Storms of Destruction Pass by
May 10, 2015: Children were attending Sunday School in many churches, such as at Zion Lutheran Church in Delmont, South Dakota. About 10:45 AM, sirens began to wail loudly – a tornado touched down, heading for the town. Teachers set down their materials and led the students into the basement, where other church members were gathering. As they clustered there, the twister hit the church, severely damaging the building. No one in the church was injured.
June 22, 2015: Monday’s calm in Portland, Michigan is shattered when a tornado strikes. The 150-year-old building of the First Congregational Church is so severely damaged it has to be torn down. Across the street, the roof of the First Baptist Church is damaged. No one was inside these buildings at that time.
March 30, 2016: It is Wednesday night. Mid-week classes, services, choir rehearsals and prayer meetings are underway in many Oklahoma churches. At least three tornadoes touch down in the Tulsa area, including one which hits North Tulsa, damaging several churches. Three of them are Timothy Baptist Church, St. Paul A.M.E. Church, and Bethel Seventh Day Adventist Church, with members attending prayer meetings at Bethel and Timothy.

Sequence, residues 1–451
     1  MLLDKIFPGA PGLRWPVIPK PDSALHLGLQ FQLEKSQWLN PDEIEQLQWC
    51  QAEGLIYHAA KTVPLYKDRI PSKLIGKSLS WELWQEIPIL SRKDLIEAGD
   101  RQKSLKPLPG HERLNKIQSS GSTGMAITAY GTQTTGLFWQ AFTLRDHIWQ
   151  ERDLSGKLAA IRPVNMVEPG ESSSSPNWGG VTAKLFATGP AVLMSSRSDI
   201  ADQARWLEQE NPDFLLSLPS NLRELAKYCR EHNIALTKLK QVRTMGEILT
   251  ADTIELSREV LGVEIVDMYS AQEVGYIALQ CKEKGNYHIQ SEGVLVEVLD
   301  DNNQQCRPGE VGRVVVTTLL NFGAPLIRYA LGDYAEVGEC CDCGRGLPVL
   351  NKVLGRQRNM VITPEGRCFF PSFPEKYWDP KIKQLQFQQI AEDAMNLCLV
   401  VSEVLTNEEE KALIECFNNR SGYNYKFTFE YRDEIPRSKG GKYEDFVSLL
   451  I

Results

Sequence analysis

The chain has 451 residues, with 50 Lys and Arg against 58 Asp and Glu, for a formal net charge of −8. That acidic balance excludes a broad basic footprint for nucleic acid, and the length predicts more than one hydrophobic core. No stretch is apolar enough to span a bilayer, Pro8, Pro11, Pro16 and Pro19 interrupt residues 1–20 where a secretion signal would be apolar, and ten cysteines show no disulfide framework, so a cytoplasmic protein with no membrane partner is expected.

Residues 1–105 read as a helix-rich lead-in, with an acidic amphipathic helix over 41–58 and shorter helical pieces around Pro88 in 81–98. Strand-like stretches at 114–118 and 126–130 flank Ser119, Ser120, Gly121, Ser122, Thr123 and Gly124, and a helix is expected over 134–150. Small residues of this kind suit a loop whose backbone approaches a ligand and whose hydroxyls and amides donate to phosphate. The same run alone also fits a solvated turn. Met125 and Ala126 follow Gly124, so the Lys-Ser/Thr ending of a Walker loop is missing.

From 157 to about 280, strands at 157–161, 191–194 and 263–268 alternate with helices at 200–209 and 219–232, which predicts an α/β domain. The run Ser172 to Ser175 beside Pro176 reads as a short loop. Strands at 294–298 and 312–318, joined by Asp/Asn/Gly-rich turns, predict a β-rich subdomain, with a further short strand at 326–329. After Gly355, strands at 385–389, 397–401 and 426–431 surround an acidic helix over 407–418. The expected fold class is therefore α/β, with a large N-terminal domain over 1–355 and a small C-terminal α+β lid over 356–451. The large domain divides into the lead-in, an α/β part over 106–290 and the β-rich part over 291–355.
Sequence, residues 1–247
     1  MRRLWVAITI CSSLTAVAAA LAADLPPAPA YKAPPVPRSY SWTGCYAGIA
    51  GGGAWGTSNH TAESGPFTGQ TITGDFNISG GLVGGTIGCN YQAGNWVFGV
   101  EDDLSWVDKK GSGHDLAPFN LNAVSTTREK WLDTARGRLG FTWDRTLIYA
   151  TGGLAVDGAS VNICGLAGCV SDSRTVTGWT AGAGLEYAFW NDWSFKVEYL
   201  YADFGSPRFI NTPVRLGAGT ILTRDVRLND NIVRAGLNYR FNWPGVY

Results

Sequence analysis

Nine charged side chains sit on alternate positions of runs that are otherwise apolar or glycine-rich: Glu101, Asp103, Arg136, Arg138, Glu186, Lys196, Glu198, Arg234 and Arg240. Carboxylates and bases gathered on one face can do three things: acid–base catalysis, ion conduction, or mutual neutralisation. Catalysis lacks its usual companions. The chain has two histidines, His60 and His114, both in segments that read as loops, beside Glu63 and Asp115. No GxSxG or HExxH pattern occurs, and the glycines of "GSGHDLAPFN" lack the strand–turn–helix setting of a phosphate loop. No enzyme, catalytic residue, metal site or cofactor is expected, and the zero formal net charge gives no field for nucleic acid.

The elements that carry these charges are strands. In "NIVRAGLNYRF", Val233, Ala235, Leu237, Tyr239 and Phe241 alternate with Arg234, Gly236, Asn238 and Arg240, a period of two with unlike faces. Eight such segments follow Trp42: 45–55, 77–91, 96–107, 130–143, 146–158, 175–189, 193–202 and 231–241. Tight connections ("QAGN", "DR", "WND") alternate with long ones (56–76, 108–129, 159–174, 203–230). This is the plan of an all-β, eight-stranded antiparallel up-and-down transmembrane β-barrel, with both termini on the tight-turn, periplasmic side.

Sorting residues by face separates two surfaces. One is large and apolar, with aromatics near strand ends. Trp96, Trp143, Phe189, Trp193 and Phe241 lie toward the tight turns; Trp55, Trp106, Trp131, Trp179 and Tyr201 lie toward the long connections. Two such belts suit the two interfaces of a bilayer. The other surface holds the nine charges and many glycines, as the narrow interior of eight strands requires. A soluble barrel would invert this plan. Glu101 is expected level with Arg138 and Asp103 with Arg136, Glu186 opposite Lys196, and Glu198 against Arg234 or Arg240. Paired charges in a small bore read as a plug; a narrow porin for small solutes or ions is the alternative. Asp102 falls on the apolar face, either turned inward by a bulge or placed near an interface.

Seven persons at Bethel SDA crowd into a tight corner and pray while the monster storm takes a bite out of the roof. Those at Timothy are kneeling when ceiling tiles rain down on them.
May 31, 1985: An F5 tornado killed a dozen people in northeast Ohio and northwest Pennsylvania. It damaged several churches. Participants had just left a wedding rehearsal at First Church of God in Newton Falls, Ohio, when the tornado tore off parts of the roof.
As the news stories above demonstrate, tornadoes do hit churches when meetings or classes are in session.
Shelter from the Storm
Many of us have heard the song by Mosie Lister that ends with the words, “Keep me safe ‘til the storm passes by.” Whether it is a severe winter storm with heavy snow, ice and brutal cold, or a hurricane, or lightning and hail, or a tornado, we want to hide, to take refuge from damaging forces. The real question is, “Where is the best place to hide?” We in church security can help people in our churches to know where to go and how to get there.
When it comes to a tornado (also known as a whirlwind), which can literally tear apart whole buildings, where can we hide? And how can we get there? We see two examples in the news stories above of where survivors hid during the tornadoes. Zion Lutheran had a basement, so that is where they went when the sirens sounded. Bethel Adventist, like many buildings in Oklahoma, did not have a basement, so they went to an inside corner with close walls. Apparently those at Timothy Baptist did not receive the tornado warning, but since they were kneeling, they were somewhat protected. The safest places to be in a tornado are below ground, in a corner, or a small room or hallway with sturdy walls close together.
Shelter in Place